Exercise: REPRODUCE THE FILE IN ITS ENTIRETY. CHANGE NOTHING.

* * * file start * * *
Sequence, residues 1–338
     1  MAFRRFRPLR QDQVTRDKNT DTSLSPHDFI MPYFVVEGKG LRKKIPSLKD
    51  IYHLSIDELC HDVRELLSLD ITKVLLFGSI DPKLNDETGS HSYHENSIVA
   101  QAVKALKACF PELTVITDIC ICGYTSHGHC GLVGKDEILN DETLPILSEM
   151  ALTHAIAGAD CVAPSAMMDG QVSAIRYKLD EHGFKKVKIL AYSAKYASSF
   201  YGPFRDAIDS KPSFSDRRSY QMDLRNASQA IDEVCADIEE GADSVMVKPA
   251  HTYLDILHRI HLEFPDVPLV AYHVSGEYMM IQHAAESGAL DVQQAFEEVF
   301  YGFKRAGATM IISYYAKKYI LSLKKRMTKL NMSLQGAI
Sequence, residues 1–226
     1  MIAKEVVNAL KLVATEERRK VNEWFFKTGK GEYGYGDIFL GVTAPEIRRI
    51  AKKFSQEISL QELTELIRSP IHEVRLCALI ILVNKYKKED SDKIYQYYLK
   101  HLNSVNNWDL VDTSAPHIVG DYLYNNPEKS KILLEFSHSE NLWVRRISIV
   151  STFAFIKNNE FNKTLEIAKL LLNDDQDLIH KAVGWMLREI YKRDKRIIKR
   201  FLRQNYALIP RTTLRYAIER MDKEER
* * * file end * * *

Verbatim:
Sequence, residues 1–338
     1  MAFRRFRPLR QDQVTRDKNT DTSLSPHDFI MPYFVVEGKG LRKKIPSLKD
    51  IYHLSIDELC HDVRELLSLD ITKVLLFGSI DPKLNDETGS HSYHENSIVA
   101  QAVKALKACF PELTVITDIC ICGYTSHGHC GLVGKDEILN DETLPILSEM
   151  ALTHAIAGAD CVAPSAMMDG QVSAIRYKLD EHGFKKVKIL AYSAKYASSF
   201  YGPFRDAIDS KPSFSDRRSY QMDLRNASQA IDEVCADIEE GADSVMVKPA
   251  HTYLDILHRI HLEFPDVPLV AYHVSGEYMM IQHAAESGAL DVQQAFEEVF
   301  YGFKRAGATM IISYYAKKYI LSLKKRMTKL NMSLQGAI
Sequence, residues 1–226
     1  MIAKEVVNAL KLVATEERRK VNEWFFKTGK GEYGYGDIFL GVTAPEIRRI
    51  AKKFSQEISL QELTELIRSP IHEVRLCALI ILVNKYKKED SDKIYQYYLK
   101  HLNSVNNWDL VDTSAPHIVG DYLYNNPEKS KILLEFSHSE NLWVRRISIV
   151  STFAFIKNNE FNKTLEIAKL LLNDDQDLIH KAVGWMLREI YKRDKRIIKR
   201  FLRQNYALIP RTTLRYAIER MDKEER